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Culture night performances showcase Korean society, art

A performer showcases sangmo ribbon dancing, which is meant to represent hope. The 22nd annual Korean Culture Night held on Thursday addressed various issues facing North Korean refugees. (Brandon Choe/Daily Bruin senior staff)

By So Jung Ki

April 11, 2014 1:24 a.m.

The vibratos of the strings sang the melancholy tune of “Arirang,” a Korean folksong that mourns a long-gone companion.

More than 1,800 people filled Royce Hall Thursday night for this year’s Korean Culture Night, which opened the show with the words “People of North Korea live, laugh and struggle, just like me and you.”

The show discussed the conditions in North Korea, which lead some citizens to abandon their homeland. The performances also focused on unearthing the similarities between North Korea and South Korea – the two nations split in 1945.

Thousands of North Koreans seek refuge by crossing their nation’s borders to neighboring countries every year, risking their lives through the possibility of being killed by the socialist government.

Hanoolim Korean Cultural Awareness Group, a student group that aims to spread Korean culture, put on the 22nd annual Korean Culture Night. The full-house event opened up with a two-hour long theater production, accompanied by traditional performances and hip-pop and b-boy dances, under the unifying theme “a journey across the DMZ.”

Inspired by the actual stories of North Korean refugees, this year’s production, “Arirang,” was about a North Korean boy who struggles with his family and within himself as he takes a journey across the border to China, leaving his family behind.

Korean Culture Night used to be centered around music and dance performances for entertainment, but theater productions took over as the main event in the past eight years to focus more on the living culture of Koreans, said Sarah Kim, the executive producer of Korean Culture Night and a fourth-year psychobiology student.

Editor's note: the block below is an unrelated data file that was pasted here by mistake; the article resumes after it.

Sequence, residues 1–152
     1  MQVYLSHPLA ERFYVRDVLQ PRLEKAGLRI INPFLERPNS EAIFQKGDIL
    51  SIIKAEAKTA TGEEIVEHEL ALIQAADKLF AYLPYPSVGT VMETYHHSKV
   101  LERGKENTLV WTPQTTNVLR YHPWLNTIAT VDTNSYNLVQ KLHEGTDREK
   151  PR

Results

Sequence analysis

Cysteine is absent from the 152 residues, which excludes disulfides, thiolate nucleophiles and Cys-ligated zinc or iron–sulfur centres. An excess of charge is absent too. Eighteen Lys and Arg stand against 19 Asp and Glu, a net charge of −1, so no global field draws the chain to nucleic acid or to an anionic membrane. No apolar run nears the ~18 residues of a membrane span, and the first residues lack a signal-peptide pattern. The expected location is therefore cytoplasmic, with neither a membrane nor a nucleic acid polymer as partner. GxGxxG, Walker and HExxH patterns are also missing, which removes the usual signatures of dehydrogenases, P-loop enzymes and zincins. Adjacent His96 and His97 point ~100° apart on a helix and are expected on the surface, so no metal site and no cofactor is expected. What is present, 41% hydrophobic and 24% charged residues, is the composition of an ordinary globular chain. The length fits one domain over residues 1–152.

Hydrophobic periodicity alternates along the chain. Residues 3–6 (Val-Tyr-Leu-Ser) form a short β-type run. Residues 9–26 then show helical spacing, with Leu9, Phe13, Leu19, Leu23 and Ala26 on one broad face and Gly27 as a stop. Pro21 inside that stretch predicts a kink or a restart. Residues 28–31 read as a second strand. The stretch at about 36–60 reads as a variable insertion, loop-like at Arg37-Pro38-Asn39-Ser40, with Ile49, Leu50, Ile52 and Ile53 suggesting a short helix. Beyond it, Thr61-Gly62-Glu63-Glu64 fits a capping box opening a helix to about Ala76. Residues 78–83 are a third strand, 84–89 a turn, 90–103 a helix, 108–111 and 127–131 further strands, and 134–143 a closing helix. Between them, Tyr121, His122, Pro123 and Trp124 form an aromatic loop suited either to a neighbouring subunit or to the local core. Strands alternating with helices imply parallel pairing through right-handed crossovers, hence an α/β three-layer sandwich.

Last year’s production, “The Tale of Two Lilies,” depicted the lives and struggles of Koreans who lived through the International Monetary Fund crisis that hit South Korea in 1997 and the Japanese occupation that ended with the nation’s division in 1945.

Esther Park, the senior advisor of the student group Liberty in North Korea at UCLA and a fourth-year Asian American studies student, said that “Arirang” is unique because it portrays a normal North Korean family as the same as any other family.

She said that Liberty in North Korea at UCLA collaborated with Hanoolim to ensure that all information on North Korea presented during the performance to the audience was accurate.

This year’s cast comes from a variety of backgrounds, including Eunice Lim, a first-year molecular, cell and developmental biology student, who never had any previous acting experience and tried out for the audition on a whim.

Even though she said she was not expecting to get a major role, Lim joined the crew to act as the protagonist’s sister, “Minji Kang,” who embodies a message of hope despite suffering from typhoid fever.

Throughout the play, students integrated traditional and modern performances that uplifted the energy in the auditorium during transitions between scenes.

B-boys wore fierce masks and acted out the strength and aggressiveness of North Korean authorities through breakdancing.

Poongmul, a traditional performance that promotes optimism during the harvest seasons, delivered the same cheerful atmosphere during the show through the beating of the Korean drums along with rhythmic dancing and chant shouting.

As the executive producer, Kim noted that she hopes that the audience walked out with a more open mind toward people living in different parts of the world.

“We (were not) trying to portray any political stance, but (tried) to show that these North Koreans are like ourselves,” she said.

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So Jung Ki
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